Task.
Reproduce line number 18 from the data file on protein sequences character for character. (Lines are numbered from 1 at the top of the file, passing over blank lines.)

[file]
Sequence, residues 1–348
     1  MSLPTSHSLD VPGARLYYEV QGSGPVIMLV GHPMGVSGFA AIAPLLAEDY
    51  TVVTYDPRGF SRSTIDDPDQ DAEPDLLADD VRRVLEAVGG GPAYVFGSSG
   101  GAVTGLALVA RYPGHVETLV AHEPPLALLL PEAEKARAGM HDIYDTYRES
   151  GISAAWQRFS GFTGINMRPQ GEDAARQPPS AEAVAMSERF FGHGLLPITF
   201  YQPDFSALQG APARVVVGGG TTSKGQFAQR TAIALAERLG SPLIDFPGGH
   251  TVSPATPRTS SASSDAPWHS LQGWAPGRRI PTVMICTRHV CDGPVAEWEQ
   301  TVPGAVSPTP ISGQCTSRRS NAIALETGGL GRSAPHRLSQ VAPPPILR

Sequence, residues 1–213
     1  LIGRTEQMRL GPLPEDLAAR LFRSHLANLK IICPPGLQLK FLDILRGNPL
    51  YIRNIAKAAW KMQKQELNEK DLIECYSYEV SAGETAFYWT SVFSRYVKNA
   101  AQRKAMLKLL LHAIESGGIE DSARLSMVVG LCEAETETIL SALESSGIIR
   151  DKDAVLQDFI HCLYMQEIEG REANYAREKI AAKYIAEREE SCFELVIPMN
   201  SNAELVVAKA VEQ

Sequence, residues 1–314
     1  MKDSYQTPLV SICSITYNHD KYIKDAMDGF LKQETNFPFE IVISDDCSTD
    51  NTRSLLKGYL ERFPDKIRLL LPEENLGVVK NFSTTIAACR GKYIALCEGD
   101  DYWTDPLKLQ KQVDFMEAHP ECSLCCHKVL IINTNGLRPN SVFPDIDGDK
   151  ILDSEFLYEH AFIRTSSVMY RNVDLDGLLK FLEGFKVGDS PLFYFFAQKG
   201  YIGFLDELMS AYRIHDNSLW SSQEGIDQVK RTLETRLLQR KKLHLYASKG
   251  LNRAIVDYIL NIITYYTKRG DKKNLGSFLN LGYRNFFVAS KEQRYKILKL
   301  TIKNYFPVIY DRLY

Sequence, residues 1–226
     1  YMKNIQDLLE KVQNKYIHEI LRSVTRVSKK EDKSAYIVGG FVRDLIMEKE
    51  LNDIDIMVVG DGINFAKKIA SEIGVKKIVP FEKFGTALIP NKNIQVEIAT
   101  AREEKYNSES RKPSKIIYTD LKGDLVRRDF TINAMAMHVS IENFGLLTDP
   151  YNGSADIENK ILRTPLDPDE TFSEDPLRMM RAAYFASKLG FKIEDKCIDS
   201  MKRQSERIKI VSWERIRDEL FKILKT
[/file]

   101  DYWTDPLKLQ KQVDFMEAHP ECSLCCHKVL IINTNGLRPN SVFPDIDGDK